Film Review: Colossal

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You know that feeling when your personal issues manifest into a giant monster that terrorises an entire city? No? Well, Anne Hathaway’s character in Colossal sure does. A film which sees director Nacho Vigalondo create an enticing premise which allows this film to stand out from the tiresome remakes or repetitive clichés flooding the market.

Watching the trailer for Colossal, you could be forgiven for mistaking this film as nothing more than another weird indie comedy, but in fact this film demonstrates heart and explores insecurity and imperfection in a remarkably tentative manner. Issues of alcoholism and self-destruction drive characters, with the unusual premise of the film allowing a unique method for exploring the consequences and rippling damage of selfish actions. For a film about a giant monster attacking the South Korean city of Seoul, it seemed strangely real.

The threat of monster attacks gave Colossal an intriguing instrument to drive the story forwards, allowing the film to avoid falling victim to common critique for indie films lacking interesting plot. Anne Hathaway’s character is yet another, and this time rather literal, example of the modern and increasingly common trope of “walking disaster”. This trope can often be infuriating to watch, forcing audiences to give up caring. However, in Colossal, Hathaway’s character succeeds in being likable and self-aware, which is enough to keep you rooting for her.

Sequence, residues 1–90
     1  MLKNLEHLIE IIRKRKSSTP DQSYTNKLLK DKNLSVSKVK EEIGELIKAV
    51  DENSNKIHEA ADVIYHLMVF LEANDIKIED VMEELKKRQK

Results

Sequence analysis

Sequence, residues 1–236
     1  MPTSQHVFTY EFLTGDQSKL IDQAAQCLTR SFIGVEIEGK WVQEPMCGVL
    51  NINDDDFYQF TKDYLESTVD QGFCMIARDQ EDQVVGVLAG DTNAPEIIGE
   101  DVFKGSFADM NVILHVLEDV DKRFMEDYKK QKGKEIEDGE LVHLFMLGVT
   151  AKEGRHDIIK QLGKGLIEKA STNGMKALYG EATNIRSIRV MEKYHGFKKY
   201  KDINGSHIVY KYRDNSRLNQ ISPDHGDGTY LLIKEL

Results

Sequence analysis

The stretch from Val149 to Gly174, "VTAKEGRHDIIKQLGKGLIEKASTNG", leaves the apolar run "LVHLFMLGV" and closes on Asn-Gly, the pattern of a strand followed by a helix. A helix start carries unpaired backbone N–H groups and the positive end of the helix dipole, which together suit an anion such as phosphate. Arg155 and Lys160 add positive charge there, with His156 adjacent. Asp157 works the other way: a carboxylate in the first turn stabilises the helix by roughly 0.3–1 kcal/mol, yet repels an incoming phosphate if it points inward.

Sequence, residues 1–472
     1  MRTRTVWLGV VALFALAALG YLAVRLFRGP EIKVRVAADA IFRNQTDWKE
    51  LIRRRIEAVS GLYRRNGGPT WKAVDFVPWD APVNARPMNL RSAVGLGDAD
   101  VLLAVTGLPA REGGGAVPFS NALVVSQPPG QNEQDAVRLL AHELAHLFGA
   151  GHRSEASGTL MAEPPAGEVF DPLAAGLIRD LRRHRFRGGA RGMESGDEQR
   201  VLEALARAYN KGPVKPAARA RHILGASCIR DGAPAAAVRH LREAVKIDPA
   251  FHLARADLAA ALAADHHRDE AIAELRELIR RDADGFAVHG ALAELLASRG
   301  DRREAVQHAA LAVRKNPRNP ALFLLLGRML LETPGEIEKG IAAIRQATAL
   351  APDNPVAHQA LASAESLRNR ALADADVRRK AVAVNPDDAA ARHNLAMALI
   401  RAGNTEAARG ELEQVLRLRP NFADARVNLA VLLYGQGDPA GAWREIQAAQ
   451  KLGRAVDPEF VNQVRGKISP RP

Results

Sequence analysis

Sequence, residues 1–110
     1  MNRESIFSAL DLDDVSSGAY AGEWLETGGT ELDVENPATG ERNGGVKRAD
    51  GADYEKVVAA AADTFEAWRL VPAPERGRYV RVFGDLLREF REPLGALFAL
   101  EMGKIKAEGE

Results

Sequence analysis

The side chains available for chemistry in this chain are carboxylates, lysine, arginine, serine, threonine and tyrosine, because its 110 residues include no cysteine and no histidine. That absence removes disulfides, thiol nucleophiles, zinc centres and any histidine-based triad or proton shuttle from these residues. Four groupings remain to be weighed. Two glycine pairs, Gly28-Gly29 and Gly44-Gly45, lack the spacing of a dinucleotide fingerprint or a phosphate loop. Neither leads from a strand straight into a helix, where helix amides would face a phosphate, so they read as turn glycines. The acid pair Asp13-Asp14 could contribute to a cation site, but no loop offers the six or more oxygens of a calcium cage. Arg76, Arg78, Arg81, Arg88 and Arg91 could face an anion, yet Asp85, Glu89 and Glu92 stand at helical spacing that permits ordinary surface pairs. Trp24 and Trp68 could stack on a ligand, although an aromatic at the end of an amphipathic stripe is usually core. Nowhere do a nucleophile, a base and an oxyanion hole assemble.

Despite the film’s successes, it’s not without fault. Some character’s intentions and personalities seem to flip rather suddenly which left an otherwise realistic character exploration jarring. There is also the problem of the elephant in the room (or rather, monster in Seoul) – how to explain this bewildering concept into an otherwise “normal” world portrayal? I feel this part of the film was unnecessary, and would have preferred the film simply committed to the unexplained bizarreness.

Ultimately, Colossal was an emotional film demonstrating that adapting your life to face your personal demons can help separate you from the destructive monster within. An entertaining ride with some solid acting performances, it’s a film that can keep you on the edge of your seat while still bringing the heart of a good indie drama.

This film will be screened at the Glasgow Film Theatre from the 19th to the 28th of May, tickets are available here:

The GFT also offers a free 15-25 discount card for students, available here:

[Michaela Barton  @lowkeypigeon]

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